The Constitution of Tragedy
Article I – Preamble
This is about Alberto and Deborah. I have made mention of Deborah here – that delightful Southern Belle with attitude and humor and a heart as big as the world. She came to Italy at 17 years of age and, to all intents and purposes, she has hardly left. Art History Major. Taste to die for. A true Chef. Wit that is instantaneous. Age? Not altogether indeterminate – but one does not, after all, ask a Lady, particularly a Southern Lady, her age.)
Alberto. 78. He was a professional boxer who fought 23 fights – the story of his 23rd fight is worth an episode in and of itself. He played premier league “football” (Soccer to the Euro uninitiated) for many years in England; one consequence is that you cannot tell whether he is a native English speaker or not. He won three dance contests in the 50s. Fisherman par excellance. Kind. Great Good Humored. Quick with wit. Can get by in six languages, but is almost totally dyslexic, so he can read only with great difficulty, and writing poses similar challenges. Native Venetian. A difficult, hard childhood – hard as in he was sold as a child; which he more than survived, he transcended. A man in love with the traditions of Venice. An unfailingly friendly man who does the Passeagato (the afternoon, or evening – hell anytime of the day – walkabout with his friends, stopping for a Prosecco or a Spritz, talking, enjoying).
Article II – Why Janus Has Two Faces
What significance does the word tragedy carry anymore? One can only hear it associated so many times with multiple school shootings, women kept prisoner in a basement, runners being blown apart just because of their love for the Big Race, and etc. before its application on a smaller, more individual level loses not only import but meaning entirely. Nevertheless, tragedy can sometimes be a blight, a calamity, a transcending adversity that asks us to refocus on its real meaning, to re-visualize the application of it to two everyday people and their personal Waterloo. As Aristotle noted and the Romans affirmed: Life is composed of the tragic and the comedic. Because the tragic has become so much of a constant staple of concentration in our media afflicted lives, I think we forget to laugh to relieve the pressure. Consequently, failing to laugh, I think we inure ourselves to tragedy’s true, emotional and spiritual impact. In Alberto’s case, only gallows humor could suffice at any rate.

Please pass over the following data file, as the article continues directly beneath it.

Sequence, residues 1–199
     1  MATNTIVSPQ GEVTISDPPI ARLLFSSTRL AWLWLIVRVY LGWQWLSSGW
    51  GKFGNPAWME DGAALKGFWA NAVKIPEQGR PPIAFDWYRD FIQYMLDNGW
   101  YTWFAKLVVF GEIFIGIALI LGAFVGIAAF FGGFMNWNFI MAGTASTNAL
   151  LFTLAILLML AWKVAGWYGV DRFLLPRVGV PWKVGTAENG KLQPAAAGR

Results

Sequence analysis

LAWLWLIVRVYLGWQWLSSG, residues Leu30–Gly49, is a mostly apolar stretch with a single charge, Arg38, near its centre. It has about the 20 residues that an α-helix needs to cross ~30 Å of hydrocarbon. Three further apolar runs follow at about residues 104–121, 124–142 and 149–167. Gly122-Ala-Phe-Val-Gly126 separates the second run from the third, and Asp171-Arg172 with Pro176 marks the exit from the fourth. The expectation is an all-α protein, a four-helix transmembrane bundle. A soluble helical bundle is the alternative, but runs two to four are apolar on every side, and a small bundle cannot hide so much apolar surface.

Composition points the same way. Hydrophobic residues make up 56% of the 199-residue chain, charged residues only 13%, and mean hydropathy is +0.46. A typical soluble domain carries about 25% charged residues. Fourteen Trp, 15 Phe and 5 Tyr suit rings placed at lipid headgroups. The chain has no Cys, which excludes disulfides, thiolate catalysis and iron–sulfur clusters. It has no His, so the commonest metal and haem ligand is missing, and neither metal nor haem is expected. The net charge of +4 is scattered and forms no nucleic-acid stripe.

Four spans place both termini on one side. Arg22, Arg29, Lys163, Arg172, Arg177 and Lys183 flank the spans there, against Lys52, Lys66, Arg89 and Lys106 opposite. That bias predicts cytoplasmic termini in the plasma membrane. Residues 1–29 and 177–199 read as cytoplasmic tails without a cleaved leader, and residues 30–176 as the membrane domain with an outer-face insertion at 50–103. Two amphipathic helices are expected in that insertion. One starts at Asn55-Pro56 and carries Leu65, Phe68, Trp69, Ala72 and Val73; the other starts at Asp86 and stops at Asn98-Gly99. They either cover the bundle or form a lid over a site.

Article III – The Best Laid Plans
Alberto and Fema lived together for some 20 years in a fine, fine Apartamento that she owned. They did not marry. They had a relationship, by all accounts, which transcended the “need” for marriage. When Fema became ill, they set a marriage date. The Commune of Venice cancelled that date – you have to know Italian local politics to appreciate that. Two hours before the new date and time Fema died. Fema was a practicing attorney. She left a will that was witnessed. The will left their 5th Floor Apartamento to Alberto. Fema’s sister fought the will in Court for years (and even brought criminal charges against Alberto saying he had forged the will). What can only be seen as a travesty of justice beyond description resulted in Alberto losing the case.